7/27/2014 1:50 P.M. ET
Yost appreciates ties with Braves' inductees
By Dick Kaegel / MLB.com
KANSAS CITY -- Toward the end of his playing career, Ned Yost went to Double-A Greenville, S.C., in 1986 for the Braves to catch some young pitchers who could benefit from his Major League experience.
One of them was Tom Glavine, the left-hander who was inducted into the Hall of Fame on Sunday.
"At that point, did I think he was going to be a Hall of Famer? Naw, but I thought he had a chance to be a real good pitcher," Yost said.
"And we used to argue all the time because he threw a fastball, a curveball and a split. He'd bounce the split and I told him, 'Dump the split, you've got to develop a change.'
"'I don't need a change, this split gets everybody out.' I said, 'The split will get everybody out in Double-A. It'll get nobody out in the big leagues because they don't swing at it.'
"Well, he loved his split. He went to Triple-A and they started laying off of it. He went to the big leagues and started to develop a changeup, and that's what helped him get to the Hall of Fame. So, we laugh about it all the time, how stubborn he was and how we'd argue about it."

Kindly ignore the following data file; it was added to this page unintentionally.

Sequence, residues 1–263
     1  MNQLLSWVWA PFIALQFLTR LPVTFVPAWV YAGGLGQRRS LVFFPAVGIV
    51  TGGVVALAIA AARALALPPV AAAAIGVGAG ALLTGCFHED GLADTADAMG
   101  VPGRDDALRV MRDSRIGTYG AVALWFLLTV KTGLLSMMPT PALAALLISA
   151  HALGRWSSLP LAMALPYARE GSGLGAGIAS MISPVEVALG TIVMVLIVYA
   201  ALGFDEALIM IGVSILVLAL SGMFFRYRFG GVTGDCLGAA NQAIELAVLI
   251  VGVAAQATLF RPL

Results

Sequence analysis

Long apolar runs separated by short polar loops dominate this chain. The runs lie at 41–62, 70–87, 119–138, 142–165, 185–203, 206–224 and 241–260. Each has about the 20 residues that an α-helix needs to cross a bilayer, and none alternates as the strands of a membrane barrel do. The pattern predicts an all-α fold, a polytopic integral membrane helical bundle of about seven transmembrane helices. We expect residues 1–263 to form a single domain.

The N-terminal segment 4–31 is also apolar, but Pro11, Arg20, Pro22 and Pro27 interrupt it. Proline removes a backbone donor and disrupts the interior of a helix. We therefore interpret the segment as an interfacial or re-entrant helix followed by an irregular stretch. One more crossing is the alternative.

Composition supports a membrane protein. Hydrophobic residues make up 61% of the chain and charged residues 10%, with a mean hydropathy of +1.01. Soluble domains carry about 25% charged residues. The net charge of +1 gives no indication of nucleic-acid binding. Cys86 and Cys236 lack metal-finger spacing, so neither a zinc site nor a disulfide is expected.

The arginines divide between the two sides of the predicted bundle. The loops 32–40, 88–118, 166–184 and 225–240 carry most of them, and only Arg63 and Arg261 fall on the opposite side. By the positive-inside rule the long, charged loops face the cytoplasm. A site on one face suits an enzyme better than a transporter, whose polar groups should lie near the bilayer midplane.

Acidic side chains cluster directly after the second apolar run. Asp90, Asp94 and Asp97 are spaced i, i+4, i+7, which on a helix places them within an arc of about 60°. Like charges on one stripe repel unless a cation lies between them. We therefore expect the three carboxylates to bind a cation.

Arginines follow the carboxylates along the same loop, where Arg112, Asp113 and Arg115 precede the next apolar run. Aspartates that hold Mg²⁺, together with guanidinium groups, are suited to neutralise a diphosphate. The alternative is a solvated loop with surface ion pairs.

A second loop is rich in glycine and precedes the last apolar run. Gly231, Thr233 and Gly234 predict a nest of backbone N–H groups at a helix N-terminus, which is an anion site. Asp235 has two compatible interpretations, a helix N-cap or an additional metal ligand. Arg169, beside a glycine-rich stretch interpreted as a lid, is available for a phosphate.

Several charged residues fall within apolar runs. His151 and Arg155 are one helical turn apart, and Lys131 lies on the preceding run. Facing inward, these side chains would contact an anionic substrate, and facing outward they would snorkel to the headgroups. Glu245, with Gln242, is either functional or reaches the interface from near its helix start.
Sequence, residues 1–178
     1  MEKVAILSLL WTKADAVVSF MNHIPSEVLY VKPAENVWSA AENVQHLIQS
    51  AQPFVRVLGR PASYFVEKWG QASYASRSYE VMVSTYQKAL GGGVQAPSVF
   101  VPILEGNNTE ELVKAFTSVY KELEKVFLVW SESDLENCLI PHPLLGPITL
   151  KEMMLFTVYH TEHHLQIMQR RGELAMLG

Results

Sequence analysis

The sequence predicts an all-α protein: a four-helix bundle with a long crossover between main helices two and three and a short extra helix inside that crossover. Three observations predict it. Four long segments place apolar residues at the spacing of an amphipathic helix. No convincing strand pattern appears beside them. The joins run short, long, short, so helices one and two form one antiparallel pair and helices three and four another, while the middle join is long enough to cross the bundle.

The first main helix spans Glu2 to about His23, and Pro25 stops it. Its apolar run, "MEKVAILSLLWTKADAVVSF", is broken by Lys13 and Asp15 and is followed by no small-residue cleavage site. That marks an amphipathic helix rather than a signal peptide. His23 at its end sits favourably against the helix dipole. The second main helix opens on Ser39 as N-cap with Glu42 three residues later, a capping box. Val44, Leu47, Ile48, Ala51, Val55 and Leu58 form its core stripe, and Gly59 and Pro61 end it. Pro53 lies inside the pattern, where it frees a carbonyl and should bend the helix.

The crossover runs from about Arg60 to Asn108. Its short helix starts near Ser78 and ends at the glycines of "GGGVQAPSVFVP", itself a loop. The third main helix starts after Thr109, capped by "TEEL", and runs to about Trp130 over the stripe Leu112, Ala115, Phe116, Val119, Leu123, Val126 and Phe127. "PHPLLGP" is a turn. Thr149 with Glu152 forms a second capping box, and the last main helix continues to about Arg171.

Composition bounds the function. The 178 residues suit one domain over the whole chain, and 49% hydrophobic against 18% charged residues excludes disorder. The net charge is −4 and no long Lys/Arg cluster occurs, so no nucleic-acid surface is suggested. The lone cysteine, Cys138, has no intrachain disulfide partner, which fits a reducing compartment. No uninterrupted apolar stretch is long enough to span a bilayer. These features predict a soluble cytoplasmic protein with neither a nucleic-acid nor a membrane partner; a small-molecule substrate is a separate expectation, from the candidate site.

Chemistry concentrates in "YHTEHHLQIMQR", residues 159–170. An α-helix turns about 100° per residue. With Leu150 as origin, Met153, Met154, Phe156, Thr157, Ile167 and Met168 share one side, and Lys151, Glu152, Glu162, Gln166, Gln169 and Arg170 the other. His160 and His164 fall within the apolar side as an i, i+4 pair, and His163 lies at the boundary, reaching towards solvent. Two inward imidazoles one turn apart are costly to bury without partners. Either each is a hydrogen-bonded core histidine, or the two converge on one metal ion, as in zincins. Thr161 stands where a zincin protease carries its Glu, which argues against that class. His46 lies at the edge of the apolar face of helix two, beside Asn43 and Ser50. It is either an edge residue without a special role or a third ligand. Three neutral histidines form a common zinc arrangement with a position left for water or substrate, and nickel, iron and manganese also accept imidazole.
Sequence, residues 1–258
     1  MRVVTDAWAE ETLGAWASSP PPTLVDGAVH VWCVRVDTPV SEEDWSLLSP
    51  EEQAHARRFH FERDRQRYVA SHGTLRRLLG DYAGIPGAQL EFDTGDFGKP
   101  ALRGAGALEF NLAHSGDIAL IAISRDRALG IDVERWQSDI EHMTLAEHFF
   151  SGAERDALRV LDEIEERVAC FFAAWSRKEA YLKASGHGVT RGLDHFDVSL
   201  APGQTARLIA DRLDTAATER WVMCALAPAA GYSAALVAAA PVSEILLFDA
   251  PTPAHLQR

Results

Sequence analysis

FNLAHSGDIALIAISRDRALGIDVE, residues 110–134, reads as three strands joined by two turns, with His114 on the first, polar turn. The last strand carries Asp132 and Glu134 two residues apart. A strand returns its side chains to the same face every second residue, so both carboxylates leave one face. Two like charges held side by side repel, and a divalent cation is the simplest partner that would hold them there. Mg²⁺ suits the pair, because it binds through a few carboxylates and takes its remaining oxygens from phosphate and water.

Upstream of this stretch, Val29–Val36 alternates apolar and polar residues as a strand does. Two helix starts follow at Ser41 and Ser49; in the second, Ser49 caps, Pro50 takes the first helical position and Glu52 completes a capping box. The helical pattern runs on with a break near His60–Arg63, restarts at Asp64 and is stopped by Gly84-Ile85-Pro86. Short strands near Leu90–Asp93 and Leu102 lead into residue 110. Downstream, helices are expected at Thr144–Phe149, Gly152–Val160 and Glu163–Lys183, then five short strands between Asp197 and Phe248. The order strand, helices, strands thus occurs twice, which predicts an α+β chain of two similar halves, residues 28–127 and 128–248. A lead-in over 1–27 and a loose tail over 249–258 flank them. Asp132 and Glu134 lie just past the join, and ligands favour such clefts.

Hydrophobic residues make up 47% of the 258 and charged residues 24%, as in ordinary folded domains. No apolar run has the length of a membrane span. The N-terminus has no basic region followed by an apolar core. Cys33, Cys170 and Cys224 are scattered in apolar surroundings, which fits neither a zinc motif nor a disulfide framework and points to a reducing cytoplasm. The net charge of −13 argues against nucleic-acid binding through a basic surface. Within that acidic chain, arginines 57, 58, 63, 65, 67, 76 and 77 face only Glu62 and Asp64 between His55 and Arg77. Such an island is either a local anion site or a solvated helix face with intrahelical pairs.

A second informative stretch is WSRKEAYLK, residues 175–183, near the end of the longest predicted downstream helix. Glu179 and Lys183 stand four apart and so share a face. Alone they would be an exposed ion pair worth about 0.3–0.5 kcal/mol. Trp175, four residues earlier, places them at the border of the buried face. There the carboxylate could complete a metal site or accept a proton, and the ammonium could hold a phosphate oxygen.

Yost, as a long-time coach at Atlanta, also had a close association with pitcher Greg Maddux and manager Bobby Cox, also inducted into the Hall on Sunday.
"From what I've learned from Greg Maddux on pitching has helped me tremendously to this day as a manager," Yost said. "I used to go out in the outfield after hitting fungoes and stand next to Greg, and talk about pitching every single day.
"It was a wonderful experience being with him and, of course, being with Bobby for 12 years was probably the highlight of my career."
Vargas nearing his return to Royals' rotation
KANSAS CITY -- Left-hander Jason Vargas is getting closer to returning to the Royals' rotation.
Vargas threw a simulated game on Saturday at Kauffman Stadium and will do the same on Thursday, upping the number of pitches he'll throw to the 60 range.
Out since an appendectomy on July 9, Vargas has missed three starts with fellow lefty Bruce Chen taking his spot.
"Every day that I threw, there were big progressions as far as how I felt each time," Vargas said.
On Saturday, there was no pulling sensation where the appendix was removed.
"I think I got over that hurdle the last time I got off the mound, and [Saturday], I was just pretty much focused on executing pitches and it went all right," Vargas said.
Dick Kaegel is a reporter for MLB.com. This story was not subject to the approval of Major League Baseball or its clubs.